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Where You Store Fat Predicts Risk for Heart Attacks

Storing fat primarily in your belly is a far stronger risk factor for heart attacks, strokes and premature death than just being overweight. A study of 5696 adults used dual energy X-ray absorptiometry to classify them as storing fat primarily in their bellies or buttocks (Clinical Endocrinology, June 2014;80(6)). The more fat you store in your belly, the more likely you are to have high total cholesterol, triglycerides and bad LDL cholesterol. Storing fat primarily in your buttocks is associated with lower triglycerides and higher good HDL cholesterol.

Why Belly Fat Harms
When you store fat in your belly, you also store fat in your liver. Having extra fat in your liver prevents the liver from responding to insulin and controlling your blood sugar levels. A high rise in blood sugar damages every cell in your body to increase risk for diabetes, heart attacks, strokes, cancers and death.

Your liver controls blood sugar levels. When blood sugar levels drop, your liver is supposed to release sugar from its cells to raise blood sugar levels. When blood sugar levels rise, your liver lowers blood sugar levels by responding to insulin which drives sugar from the bloodstream into the liver cells.

How Common Is Fatty Liver?
Ultrasound pictures (sonograms) indicate that almost 22 percent of North Americans store excess fat in their livers and are at high risk for diabetes (American Journal of Epidemiology, 05/28/2013). Since more than 90 percent of these people did not drink alcohol to excess, the cause of their fatty livers (and diabetes) is eating too much food, being overweight, not exercising, lacking vitamin D, eating too much sugar-added foods and drinks, red meat, and fried foods and not eating enough fruits and vegetables. Alcohol is the second most common cause of liver damage. That means that more than 32 million North Americans eat too much and exercise too little and, as a result, have damaged livers that cause them to be diabetic or pre-diabetic.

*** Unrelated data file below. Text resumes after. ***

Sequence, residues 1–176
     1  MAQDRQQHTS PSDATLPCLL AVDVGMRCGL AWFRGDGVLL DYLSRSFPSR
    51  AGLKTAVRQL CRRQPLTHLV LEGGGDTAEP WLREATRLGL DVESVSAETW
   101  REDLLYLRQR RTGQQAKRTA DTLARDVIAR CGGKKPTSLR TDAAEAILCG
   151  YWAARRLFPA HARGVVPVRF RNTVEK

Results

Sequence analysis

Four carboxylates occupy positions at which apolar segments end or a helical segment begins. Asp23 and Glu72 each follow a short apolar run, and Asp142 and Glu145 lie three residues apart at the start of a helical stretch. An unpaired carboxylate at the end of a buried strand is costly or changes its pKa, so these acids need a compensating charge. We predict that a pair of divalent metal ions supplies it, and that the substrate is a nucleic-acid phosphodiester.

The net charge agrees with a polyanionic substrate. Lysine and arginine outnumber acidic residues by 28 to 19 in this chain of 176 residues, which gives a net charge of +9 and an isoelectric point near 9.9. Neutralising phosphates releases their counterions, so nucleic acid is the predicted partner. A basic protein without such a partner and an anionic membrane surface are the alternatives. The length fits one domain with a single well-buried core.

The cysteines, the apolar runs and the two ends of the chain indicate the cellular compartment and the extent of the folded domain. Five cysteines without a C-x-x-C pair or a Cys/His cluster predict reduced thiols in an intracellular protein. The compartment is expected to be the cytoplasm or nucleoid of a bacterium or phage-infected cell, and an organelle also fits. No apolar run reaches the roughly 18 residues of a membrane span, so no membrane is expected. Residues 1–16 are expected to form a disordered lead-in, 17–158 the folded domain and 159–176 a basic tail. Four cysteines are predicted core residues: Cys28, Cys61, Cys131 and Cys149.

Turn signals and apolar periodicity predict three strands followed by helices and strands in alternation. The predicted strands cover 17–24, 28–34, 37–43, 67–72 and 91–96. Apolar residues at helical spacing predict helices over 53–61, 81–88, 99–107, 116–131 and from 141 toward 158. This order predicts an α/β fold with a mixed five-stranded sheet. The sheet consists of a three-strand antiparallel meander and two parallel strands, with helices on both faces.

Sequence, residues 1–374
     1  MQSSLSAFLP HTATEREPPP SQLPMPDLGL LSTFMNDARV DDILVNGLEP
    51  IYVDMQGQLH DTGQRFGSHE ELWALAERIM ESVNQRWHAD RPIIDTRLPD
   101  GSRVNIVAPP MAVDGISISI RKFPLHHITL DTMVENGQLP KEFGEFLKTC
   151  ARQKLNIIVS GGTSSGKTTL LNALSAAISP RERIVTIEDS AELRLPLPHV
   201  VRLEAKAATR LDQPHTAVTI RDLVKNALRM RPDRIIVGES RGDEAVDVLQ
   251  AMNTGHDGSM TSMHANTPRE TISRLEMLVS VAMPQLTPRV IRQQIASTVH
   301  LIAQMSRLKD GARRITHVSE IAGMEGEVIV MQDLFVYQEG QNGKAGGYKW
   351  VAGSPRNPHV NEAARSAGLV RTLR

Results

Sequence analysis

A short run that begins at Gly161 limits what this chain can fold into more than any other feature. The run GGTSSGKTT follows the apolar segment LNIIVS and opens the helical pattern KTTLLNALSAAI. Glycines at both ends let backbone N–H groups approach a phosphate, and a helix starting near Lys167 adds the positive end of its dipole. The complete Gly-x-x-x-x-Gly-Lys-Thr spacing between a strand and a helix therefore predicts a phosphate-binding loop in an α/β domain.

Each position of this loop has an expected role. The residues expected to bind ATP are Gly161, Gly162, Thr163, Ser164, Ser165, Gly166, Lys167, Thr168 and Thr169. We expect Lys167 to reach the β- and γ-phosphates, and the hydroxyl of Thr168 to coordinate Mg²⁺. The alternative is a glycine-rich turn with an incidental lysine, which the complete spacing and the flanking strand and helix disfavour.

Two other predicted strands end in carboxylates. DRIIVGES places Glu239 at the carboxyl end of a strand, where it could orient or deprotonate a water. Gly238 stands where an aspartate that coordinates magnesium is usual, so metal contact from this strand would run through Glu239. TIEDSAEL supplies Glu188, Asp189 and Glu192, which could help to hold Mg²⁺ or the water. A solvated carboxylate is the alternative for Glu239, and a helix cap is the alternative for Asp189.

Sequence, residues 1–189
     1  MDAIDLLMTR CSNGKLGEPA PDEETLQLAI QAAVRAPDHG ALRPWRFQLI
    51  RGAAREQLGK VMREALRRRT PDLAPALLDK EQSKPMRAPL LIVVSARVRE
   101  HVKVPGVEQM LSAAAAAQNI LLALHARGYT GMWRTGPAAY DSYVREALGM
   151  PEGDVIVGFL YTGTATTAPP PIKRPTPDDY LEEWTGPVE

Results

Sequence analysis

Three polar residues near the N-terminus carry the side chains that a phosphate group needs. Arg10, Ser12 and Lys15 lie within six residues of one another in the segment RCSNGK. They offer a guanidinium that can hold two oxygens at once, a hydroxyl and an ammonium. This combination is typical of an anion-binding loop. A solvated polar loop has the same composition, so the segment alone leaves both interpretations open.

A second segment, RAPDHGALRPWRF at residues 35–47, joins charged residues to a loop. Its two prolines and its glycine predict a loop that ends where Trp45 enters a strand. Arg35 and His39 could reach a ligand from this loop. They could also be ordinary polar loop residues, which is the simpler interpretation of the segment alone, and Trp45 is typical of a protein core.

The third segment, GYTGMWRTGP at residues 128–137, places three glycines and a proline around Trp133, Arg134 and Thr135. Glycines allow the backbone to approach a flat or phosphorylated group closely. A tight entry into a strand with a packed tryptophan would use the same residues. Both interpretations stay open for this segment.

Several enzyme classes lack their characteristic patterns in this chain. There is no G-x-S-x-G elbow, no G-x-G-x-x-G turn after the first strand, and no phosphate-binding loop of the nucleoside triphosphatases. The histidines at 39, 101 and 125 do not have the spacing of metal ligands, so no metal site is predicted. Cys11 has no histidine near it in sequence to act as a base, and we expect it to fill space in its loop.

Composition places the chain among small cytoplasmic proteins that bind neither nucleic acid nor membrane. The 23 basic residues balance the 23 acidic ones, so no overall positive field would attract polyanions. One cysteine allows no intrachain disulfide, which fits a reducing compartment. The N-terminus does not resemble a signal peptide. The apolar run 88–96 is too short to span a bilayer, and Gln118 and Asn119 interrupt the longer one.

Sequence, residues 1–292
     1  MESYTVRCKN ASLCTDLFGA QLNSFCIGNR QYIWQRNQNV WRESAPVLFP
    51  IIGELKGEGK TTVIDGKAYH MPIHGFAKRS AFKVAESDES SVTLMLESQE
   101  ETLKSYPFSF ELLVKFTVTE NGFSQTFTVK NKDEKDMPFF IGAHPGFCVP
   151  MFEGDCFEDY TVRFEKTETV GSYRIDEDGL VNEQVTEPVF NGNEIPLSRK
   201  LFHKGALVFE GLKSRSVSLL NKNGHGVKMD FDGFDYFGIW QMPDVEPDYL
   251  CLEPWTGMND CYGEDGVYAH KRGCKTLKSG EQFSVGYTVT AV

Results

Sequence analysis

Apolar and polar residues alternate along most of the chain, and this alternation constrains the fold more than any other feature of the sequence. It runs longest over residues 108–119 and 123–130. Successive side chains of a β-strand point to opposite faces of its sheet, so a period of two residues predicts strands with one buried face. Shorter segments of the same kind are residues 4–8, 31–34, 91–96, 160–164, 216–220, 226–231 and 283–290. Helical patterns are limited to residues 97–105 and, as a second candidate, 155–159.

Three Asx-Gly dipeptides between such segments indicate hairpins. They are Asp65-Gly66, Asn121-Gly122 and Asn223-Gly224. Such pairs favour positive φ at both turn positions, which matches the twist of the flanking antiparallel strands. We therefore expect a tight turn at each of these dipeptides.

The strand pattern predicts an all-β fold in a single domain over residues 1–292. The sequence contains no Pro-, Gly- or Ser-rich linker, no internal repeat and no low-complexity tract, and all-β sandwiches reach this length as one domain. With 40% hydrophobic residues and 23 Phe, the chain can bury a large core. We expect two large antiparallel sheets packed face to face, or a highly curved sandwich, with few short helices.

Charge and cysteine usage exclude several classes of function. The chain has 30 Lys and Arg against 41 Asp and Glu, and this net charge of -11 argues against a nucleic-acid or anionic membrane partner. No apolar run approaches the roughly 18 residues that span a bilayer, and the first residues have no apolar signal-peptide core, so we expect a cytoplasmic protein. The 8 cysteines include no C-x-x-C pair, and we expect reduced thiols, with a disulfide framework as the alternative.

Exercise to Treat Pre-Diabetes and Diabetes
The vast majority of diabetics have plenty of insulin. They cannot respond to insulin and this is called insulin resistance. Just two weeks on an exercise program of interval training reduced insulin resistance in diabetics (The Journal of Sports Medicine and Physical Fitness, April 2014;54(2):203-9). The patients performed six sessions of running very fast on a treadmill for 30 seconds, jogging slowly for four minutes of recovery, and then repeating this sequence three more times.

Resting muscles remove virtually no sugar from the bloodstream. On the other hand, contracting muscles can remove sugar from the bloodstream without even needing insulin. The more intensely you exercise, the more effectively muscles can remove sugar from the bloodstream. Caution: intense exercise can cause heart attacks, so check with your doctor.

June 8th, 2014
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About the Author: Gabe Mirkin, MD

Sports medicine doctor, fitness guru and long-time radio host Gabe Mirkin, M.D., brings you news and tips for your healthful lifestyle. A practicing physician for more than 50 years and a radio talk show host for 25 years, Dr. Mirkin is a graduate of Harvard University and Baylor University College of Medicine. He is board-certified in four specialties: Sports Medicine, Allergy and Immunology, Pediatrics and Pediatric Immunology. The Dr. Mirkin Show, his call-in show on fitness and health, was syndicated in more than 120 cities. Read More
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